WESTBROOK — Urban renewal has become a dirty word for many in Westbrook over the past 40 years, with many older residents lamenting that the federally funded program razed historic buildings and changed the look of the city they remember when they were young.

But Henry Saunders, the former vice chairman of the Westbrook Urban Renewal Authority and the group’s last surviving member at age 90, sees the work that was done in a different light.

Saunders told the Rotary Club of Westbrook-Gorham Tuesday that he was “very pleased and satisfied” with the work done and, overall, he wouldn’t do much different it he could do it over again.

The Westbrook Urban Renewal Authority began planning in 1964, Saunders said, with much of the work taking place in the 1970s. The effort, which included demolishing many older buildings, continued until 1981 when the Scates Building was demolished and CVS went up in its place.

City Administrator Jerre Bryant said in an interview that urban renewal was the “accepted approach” in the 1960s, 1970s and 1980s to revitalize downtowns across the country.

“It basically said we need to modernize our city centers to make them more vibrant, meaningful and relevant,” he said.


The approach, funded predominately by the U.S. Department of Housing and Urban Development’s Renewal Assistance Administration, was made to counter the hit downtowns across the country were starting to feel as shopping malls such as, in Westbrook’s case, the nearby Pine Tree Shopping Center and the old Bradlees shopping center (now Westbrook Crossing), started luring shoppers away from downtowns. That, combined with the Federal Highway Act of 1956 that expanded highways across the country in the 1950s and 1960s, made downtown a much less popular place for commerce.

According to Westbrook’s urban renewal plan of 1971, the effort was aimed at revitalizing the downtown as a “community focal point,” removing “the blighting influence of many deficient or substandard structures, as well as improving housing for low income residents, updating the sewer system and “proving free movement into, through and out of Westbrook,” providing “landscaped open spaces and malls” and establishing off-street parking in lieu of on street parking.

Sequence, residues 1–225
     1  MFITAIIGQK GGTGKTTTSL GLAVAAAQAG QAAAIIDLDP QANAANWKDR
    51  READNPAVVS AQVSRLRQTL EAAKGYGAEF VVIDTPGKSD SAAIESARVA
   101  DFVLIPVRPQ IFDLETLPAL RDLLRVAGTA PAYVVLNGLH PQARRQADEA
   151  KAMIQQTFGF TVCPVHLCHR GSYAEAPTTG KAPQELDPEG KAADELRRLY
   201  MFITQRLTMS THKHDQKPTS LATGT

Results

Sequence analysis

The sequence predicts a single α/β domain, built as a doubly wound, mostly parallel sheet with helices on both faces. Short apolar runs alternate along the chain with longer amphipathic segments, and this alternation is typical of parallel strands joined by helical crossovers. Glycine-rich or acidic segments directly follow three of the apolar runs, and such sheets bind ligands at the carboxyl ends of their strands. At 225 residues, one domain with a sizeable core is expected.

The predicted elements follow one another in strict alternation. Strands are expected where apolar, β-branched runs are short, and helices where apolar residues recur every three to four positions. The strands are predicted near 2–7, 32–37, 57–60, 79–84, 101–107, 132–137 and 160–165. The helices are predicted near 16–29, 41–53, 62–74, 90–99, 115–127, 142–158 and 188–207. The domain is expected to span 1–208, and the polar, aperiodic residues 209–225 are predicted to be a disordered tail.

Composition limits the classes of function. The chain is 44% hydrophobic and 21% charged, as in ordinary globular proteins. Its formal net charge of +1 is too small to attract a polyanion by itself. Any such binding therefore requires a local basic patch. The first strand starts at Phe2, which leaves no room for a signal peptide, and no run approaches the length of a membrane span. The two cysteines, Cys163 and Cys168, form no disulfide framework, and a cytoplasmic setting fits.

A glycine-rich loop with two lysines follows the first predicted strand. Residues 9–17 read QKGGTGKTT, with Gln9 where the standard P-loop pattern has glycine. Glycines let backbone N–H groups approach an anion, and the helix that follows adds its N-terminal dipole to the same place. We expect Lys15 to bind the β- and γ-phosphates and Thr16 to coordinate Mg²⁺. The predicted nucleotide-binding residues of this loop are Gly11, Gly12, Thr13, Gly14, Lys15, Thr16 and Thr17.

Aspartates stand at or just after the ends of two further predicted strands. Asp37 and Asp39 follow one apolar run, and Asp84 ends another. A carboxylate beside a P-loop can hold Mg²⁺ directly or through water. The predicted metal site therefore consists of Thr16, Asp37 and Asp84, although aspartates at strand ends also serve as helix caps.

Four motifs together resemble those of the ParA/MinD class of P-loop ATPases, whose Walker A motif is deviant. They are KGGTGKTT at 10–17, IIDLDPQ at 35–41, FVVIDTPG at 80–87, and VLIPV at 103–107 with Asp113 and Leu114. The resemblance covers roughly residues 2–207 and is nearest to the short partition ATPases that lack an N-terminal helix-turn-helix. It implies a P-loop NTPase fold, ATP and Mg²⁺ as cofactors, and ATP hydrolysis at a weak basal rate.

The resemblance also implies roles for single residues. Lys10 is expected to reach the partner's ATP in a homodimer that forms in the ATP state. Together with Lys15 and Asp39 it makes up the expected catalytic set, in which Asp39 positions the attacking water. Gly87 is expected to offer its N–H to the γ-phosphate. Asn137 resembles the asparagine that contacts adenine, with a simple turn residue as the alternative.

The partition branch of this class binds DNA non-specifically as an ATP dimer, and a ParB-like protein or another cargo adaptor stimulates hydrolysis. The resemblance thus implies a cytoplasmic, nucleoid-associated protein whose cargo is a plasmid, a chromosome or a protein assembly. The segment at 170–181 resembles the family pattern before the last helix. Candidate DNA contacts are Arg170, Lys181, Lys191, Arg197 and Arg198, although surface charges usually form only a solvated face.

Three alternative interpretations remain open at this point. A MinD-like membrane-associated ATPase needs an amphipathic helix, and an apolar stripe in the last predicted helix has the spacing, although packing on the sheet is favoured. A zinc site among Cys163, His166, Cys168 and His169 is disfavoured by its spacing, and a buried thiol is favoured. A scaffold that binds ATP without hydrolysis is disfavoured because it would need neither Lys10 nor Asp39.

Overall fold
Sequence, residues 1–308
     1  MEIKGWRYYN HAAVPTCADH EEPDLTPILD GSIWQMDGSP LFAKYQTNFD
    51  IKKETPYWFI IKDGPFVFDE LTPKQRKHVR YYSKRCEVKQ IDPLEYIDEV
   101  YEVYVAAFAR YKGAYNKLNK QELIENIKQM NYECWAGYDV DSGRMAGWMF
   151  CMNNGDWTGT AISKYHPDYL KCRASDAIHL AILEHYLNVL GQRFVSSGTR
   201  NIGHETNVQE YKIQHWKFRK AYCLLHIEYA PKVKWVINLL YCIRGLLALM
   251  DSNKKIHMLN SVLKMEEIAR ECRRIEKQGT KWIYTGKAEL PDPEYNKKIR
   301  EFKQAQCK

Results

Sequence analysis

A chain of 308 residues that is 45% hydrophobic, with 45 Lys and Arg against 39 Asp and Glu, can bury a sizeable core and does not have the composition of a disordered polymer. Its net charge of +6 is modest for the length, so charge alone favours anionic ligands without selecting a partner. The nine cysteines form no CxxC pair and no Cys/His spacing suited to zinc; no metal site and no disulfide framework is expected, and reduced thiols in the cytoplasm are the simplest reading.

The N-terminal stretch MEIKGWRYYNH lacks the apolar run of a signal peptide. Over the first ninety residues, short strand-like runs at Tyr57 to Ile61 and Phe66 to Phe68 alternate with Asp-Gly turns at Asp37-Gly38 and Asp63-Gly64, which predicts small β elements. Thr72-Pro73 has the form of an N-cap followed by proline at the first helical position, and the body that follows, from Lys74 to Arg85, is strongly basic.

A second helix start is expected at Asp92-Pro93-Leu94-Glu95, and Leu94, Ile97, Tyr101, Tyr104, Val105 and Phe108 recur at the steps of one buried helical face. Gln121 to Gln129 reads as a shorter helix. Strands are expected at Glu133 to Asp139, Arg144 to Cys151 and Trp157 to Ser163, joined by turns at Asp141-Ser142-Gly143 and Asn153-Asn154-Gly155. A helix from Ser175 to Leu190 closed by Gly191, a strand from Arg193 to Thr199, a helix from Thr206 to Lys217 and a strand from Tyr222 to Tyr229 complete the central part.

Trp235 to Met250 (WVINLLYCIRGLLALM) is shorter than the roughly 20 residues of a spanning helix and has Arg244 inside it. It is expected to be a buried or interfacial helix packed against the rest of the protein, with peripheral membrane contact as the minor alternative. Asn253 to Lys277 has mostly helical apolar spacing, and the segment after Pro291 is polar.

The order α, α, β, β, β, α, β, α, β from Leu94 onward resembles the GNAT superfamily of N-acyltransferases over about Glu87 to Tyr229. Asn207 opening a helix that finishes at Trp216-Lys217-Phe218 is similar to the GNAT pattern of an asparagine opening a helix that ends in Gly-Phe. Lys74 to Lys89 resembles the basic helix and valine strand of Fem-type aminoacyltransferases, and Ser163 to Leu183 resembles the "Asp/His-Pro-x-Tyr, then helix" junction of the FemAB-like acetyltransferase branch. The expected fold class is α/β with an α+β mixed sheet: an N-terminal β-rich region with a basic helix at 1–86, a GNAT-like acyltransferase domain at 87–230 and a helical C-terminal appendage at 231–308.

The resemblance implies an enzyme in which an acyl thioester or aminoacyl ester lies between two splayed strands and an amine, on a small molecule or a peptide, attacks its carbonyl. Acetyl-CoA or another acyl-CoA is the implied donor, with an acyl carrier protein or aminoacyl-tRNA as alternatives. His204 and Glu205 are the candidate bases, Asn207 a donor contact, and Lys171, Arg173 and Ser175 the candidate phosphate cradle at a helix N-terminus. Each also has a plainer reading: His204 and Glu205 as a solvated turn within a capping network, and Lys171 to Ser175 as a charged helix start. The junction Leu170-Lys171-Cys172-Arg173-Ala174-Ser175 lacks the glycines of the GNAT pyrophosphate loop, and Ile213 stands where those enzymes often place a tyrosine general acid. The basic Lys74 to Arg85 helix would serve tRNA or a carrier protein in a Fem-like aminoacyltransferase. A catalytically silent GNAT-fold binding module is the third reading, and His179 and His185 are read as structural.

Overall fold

“I think we did a lot of things that were really good to do,” Saunders said.

Urban renewal rebuilt Main Street, modernized the sewer system and buried utilities lines underground, he said. The  effort also paved the way for the construction of Wayside Drive (now William Clarke Drive) to help traffic flow through Westbrook.

Downtown “was pretty rundown in the 1940s and 1950s,” Saunders said.

“It desperately needed some aggressive rebuilding to bring it back to something we could be proud of,” Saunders said. “As I drive around the urban renewal area and look at what we did, I think it looks pretty doggone good.”


In Westbrook, a number of older buildings were razed and in their place went more modern buildings or parking lots. It was during the urban renewal period that a number of streets (Bond, Brackett Carpenter, Central and Fitch) connecting to Main Street were discontinued to make way for the public parking lot and Blue Note Park (Westbrook Common).

Saunders said there was a request during urban renewal to bring a large grocery store to downtown, something that downtown couldn’t accommodate because of space concerns. The Urban Renewal Authority, he said, fought a plan to build a fire station in Saccarappa Park.

“I think that park is very desirable and the city should work to keep it a park,” he said.

Saunders said the authority tried to save as many of the salvageable buildings as it could. Mike Sanphy, Westbrook’s mayor and president of its historical society, remembers many of the buildings taken down. Many of them, he said in an interview, were vacant and in need of repair.

Among the buildings razed were the old Westbrook Congregational Church, the first church established in the city; the Brackett/LaFond Block, the site of LaFond and Co. Department Store on the corner of Main and Brackett streets; the Scates Building, home of a number of businesses over the years, including drug stores, the Westbrook Post Office, Central Maine Power, city offices and the Masonic Lodge; the Star Theatre movie house (1912 to 1960s) on the current site of Martini Lane; and the Odd Fellows Building, where Hub Furniture is now.

Sanphy said he would have liked to have seen some of the buildings spared, including the LaFond Block and Scates Building.